I remember clearly - mostly in my nightmares - when the ever-chilling Marcus Wareing was a guest chef one episode of Masterchef’s last professional season, and in his talking head segment wore the assertion he doesn’t have time to spend with his family almost as a badge of honour. If a female chef with a family was to say the same thing, proudly or otherwise, she would undoubtedly be deemed selfish. This goes further when we look at chefs like Gordon Ramsay, a hugely successful brand, whose misogynistic attitude just watch an episode of Kitchen Nightmares where the proprietor or chef is a woman extends to the obvious belief that the domain of the male chef is the professional kitchen, and the domain of the kitchen at home is the female cook, a point made effectively and profitably by Tana Ramsay’s family-oriented cook books. It’s classic public vs domestic sphere, and it just shouldn’t exist today. There isn’t equal treatment of women amongst chefs, and I’d go so far to say that professional kitchens are an exaggerated, and almost unapologetic example, of discriminating against women. Professional kitchens should not be exempt from the fight to redress women’s lack of rights in the workplace.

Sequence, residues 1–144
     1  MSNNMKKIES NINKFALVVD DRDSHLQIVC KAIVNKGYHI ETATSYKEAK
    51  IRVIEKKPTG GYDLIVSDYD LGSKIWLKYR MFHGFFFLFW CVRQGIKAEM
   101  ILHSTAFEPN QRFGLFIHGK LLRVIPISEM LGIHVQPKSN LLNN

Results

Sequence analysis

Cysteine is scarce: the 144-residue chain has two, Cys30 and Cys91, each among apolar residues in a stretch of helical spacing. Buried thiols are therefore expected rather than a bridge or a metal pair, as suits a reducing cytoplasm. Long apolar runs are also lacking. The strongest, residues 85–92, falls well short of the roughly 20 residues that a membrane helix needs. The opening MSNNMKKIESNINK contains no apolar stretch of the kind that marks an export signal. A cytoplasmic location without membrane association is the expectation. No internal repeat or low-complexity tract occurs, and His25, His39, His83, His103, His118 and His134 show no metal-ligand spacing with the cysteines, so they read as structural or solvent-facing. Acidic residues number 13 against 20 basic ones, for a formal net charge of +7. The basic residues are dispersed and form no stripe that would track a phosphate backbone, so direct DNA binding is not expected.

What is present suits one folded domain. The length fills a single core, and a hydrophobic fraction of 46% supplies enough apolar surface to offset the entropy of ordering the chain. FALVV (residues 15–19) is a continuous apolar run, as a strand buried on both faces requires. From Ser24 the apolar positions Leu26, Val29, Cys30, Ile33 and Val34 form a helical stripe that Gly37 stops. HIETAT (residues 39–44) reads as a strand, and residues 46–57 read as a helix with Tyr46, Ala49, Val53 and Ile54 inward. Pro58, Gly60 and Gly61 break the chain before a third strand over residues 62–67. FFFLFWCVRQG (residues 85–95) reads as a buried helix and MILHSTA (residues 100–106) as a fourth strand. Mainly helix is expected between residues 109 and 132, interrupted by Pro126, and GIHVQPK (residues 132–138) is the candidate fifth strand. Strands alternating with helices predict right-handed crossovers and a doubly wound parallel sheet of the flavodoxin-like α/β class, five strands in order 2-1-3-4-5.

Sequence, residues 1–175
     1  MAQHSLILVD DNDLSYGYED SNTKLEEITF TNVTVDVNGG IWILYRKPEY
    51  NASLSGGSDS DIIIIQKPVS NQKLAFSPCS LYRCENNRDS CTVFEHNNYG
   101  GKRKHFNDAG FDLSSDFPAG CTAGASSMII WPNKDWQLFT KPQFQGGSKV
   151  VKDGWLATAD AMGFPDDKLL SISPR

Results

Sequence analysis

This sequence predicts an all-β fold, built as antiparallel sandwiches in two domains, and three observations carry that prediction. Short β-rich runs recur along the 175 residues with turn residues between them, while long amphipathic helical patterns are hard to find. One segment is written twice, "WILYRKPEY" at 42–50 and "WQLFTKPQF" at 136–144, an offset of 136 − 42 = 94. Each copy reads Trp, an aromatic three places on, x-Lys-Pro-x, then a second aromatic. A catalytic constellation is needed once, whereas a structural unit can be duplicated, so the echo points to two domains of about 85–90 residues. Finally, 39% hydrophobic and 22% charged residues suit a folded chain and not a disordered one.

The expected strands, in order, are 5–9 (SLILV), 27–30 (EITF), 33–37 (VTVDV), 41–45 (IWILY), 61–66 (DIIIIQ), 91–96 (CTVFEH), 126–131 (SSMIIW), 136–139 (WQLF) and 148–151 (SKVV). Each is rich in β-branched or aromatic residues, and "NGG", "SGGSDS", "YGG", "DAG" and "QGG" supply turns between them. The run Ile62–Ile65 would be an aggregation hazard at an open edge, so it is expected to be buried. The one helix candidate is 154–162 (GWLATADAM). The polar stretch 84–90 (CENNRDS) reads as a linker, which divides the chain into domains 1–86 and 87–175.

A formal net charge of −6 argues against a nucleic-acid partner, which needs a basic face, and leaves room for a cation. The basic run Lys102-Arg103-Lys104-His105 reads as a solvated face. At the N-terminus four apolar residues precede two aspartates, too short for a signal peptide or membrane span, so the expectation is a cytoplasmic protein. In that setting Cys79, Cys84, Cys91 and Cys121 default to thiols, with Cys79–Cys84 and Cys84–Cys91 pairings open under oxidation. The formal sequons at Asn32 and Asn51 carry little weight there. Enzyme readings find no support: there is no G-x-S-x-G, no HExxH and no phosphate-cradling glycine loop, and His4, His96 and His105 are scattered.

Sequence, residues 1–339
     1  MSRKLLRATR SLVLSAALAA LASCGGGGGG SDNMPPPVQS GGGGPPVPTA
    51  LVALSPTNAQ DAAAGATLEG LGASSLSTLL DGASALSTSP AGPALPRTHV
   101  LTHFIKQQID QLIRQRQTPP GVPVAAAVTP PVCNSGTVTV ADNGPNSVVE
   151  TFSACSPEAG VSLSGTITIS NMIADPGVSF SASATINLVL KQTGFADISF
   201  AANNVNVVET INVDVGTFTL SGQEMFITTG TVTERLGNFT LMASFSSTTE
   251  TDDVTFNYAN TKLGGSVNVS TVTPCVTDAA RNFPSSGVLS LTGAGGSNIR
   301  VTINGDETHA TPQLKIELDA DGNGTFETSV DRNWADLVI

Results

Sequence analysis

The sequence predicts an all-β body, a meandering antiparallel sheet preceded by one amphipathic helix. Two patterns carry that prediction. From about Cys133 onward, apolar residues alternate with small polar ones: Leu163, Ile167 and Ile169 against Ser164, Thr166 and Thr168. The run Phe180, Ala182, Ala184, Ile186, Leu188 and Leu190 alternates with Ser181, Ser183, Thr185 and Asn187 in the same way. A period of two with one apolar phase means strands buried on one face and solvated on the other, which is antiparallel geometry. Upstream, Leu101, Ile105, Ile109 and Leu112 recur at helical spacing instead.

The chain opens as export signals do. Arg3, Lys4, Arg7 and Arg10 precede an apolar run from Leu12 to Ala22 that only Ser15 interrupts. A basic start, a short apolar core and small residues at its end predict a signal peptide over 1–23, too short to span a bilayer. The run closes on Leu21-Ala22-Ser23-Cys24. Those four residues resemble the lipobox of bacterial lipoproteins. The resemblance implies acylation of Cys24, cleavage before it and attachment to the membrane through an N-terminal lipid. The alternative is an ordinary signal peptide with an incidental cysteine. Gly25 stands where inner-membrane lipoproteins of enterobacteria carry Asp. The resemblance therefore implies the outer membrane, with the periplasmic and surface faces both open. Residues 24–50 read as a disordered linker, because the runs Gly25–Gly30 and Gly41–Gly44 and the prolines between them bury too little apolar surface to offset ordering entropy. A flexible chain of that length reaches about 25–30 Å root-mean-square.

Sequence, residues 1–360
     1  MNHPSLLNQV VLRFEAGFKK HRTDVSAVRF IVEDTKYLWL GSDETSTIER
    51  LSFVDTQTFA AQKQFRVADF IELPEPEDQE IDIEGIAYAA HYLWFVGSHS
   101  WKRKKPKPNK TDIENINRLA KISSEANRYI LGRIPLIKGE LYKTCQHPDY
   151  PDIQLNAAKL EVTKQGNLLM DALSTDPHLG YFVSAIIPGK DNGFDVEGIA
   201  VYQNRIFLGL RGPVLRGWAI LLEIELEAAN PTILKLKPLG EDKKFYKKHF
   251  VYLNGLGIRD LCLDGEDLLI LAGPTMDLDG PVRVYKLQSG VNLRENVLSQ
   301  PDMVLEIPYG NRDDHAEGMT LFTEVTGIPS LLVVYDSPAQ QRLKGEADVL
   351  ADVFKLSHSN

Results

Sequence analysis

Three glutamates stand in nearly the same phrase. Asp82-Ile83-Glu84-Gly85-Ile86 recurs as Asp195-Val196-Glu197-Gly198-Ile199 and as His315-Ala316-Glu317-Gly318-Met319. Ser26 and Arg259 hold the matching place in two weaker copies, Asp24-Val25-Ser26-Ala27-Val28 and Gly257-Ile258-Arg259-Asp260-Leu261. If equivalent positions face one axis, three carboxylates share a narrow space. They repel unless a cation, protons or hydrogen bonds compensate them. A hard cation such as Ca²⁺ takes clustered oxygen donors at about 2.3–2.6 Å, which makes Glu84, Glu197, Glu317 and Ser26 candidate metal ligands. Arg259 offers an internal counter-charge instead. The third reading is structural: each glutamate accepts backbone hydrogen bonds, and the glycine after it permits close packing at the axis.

According to the Female Chefs’ Development Programme website, just 20% of professional chefs in the UK are women. This 1 in 5 ratio is still awful and needs desperate remedying, but the 1 in 8 ratio represented in Masterchef: The Professionals, which surely is the ideal platform for enthusiastic women to demonstrate that their skills deserve to be considered as much as men’s, is saddening. Over the years, with rising numbers of young women in catering colleges training to be chefs, I’d like to see a surge in ambitious women vying for the curly ‘M’ trophy I love so well, and not have to groan whenever I see a heat of talented male chefs storming towards a camera, and only one talented female chef striding alongside, and certainly not behind, them.